provides scaling, network opacity and service independence.

   This section describes implementation and operational aspects related
   to the Binding SID.

6.1.  Benefits of Binding SID

   A simplified illustration is provided on the basis of Figure 5 where
   it is assumed that S, A, B, Data Center Interconnect DCI1 and DCI2
   share the same IGP-SR instance in the data-center 1 (DC1).  DCI1,
   DCI2, C, D, E, F, G, DCI3 and DCI4 share the same IGP-SR domain in
   the core.  DCI3, DCI4, H, K and Z share the same IGP-SR domain in the
   data-center 2 (DC2).


             A---DCI1----C----D----E----DCI3---H
            /            |         |            \
           S             |         |             Z
            \            |         |            /
             B---DCI2----F---------G----DCI4---K
          <==DC1==><=========Core========><==DC2==>


                  Figure 5: A Simple Datacenter Topology

   In this example, it is assumed no redistribution between the IGP's
   and no presence of BGP-LU.  The inter-domain communication is only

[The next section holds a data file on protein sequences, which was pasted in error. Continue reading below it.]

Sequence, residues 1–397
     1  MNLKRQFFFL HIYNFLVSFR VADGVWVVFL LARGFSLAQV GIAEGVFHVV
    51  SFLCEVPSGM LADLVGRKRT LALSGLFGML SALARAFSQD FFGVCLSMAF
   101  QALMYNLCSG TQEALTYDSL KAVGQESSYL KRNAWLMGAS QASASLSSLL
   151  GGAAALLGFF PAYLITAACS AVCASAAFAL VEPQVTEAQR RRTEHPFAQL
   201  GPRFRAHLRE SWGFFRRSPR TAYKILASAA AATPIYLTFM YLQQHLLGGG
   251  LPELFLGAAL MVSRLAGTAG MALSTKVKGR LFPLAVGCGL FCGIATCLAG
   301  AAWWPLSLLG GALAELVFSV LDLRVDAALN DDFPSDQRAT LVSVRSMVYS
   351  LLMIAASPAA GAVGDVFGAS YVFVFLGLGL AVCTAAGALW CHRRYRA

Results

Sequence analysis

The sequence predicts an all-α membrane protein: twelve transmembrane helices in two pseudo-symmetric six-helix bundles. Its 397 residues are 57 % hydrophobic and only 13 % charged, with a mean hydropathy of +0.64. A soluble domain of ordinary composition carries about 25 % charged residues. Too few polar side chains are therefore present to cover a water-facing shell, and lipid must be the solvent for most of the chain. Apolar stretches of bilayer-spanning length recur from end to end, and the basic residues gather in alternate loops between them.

provided by SR through SR Policies.






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   The latency from S to DCI1 equals to DCI2.  The latency from Z to
   DCI3 equals to DCI4.  All the intra-DC links have the same IGP metric
   10.

   The path DCI1, C, D, E, DCI3 has a lower latency and lower capacity
   than the path DCI2, F, G, DCI4.

   The IGP metrics of all the core links are set to 10 except the links
   D-E which is set to 100.

   A low-latency multi-domain policy from S to Z may be expressed as
   <DCI1, BSID, Z> where:

   o  DCI1 is the prefix SID of DCI1.

   o  BSID is the Binding SID bound to an SR policy <D, D2E, DCI3>
      instantiated at DCI1.

   o  Z is the prefix SID of Z.

   Without the use of an intermediate core SR Policy (efficiently
   summarized by a single BSID), S would need to steer its low-latency
   flow into the policy <DCI1, D, D2E, DCI3, Z>.

   The use of a BSID (and the intermediate bound SR Policy) decreases
   the number of segments imposed by the source.

   A BSID acts as a stable anchor point which isolates one domain from
   the churn of another domain.  Upon topology changes within the core
   of the network, the low-latency path from DCI1 to DCI3 may change.
   While the path of an intermediate policy changes, its BSID does not
   change.  Hence the policy used by the source does not change, hence
   the source is shielded from the churn in another domain.

   A BSID provides opacity and independence between domains.  The